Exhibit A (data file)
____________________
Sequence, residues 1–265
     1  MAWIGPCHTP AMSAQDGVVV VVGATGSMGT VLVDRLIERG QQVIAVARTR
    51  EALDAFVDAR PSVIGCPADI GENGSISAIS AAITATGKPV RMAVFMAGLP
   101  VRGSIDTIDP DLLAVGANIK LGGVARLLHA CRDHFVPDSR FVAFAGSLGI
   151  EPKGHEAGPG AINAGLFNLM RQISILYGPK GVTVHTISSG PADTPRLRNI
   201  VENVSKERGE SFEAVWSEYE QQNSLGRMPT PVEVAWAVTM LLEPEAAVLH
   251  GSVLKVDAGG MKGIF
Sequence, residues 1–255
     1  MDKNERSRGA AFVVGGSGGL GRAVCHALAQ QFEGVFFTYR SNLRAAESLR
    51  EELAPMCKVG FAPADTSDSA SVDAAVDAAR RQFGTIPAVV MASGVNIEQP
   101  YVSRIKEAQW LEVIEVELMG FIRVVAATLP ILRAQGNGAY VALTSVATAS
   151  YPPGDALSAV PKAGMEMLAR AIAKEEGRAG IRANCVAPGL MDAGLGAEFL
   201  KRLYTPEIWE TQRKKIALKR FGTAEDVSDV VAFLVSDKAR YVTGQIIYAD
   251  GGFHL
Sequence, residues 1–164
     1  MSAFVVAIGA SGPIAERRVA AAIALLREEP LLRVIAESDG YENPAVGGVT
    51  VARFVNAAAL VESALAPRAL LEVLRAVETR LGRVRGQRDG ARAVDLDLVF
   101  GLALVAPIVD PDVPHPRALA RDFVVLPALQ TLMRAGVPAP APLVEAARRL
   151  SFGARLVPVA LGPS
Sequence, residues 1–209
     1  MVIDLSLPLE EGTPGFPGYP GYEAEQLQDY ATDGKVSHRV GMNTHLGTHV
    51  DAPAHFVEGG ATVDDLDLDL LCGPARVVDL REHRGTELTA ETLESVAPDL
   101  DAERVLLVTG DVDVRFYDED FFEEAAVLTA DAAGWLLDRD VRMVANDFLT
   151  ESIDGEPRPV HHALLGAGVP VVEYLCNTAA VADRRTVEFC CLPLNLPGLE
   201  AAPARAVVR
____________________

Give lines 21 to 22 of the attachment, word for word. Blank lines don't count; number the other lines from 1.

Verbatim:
     1  MVIDLSLPLE EGTPGFPGYP GYEAEQLQDY ATDGKVSHRV GMNTHLGTHV
    51  DAPAHFVEGG ATVDDLDLDL LCGPARVVDL REHRGTELTA ETLESVAPDL